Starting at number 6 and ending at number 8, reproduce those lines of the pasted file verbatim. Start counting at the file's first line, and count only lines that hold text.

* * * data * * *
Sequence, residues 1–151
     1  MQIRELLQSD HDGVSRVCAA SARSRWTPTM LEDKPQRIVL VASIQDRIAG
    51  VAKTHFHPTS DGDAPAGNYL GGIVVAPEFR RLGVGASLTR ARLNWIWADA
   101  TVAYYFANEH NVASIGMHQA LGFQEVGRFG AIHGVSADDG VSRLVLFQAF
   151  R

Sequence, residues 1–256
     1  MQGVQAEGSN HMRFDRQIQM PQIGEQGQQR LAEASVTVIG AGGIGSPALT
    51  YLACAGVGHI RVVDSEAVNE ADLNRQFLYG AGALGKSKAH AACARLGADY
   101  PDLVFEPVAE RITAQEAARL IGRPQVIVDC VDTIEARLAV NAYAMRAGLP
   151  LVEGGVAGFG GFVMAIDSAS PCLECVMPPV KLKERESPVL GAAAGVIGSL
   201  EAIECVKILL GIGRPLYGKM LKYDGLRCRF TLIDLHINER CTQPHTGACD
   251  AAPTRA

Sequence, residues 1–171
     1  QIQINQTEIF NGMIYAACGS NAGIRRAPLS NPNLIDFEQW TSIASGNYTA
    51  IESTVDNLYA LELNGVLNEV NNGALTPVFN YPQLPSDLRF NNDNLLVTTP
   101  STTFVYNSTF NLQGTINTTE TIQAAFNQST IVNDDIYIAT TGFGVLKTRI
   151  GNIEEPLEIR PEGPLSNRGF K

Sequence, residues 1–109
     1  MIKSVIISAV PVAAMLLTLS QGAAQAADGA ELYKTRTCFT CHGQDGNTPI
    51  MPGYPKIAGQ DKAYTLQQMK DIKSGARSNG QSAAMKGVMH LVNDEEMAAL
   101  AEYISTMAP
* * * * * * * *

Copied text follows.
Sequence, residues 1–256
     1  MQGVQAEGSN HMRFDRQIQM PQIGEQGQQR LAEASVTVIG AGGIGSPALT
    51  YLACAGVGHI RVVDSEAVNE ADLNRQFLYG AGALGKSKAH AACARLGADY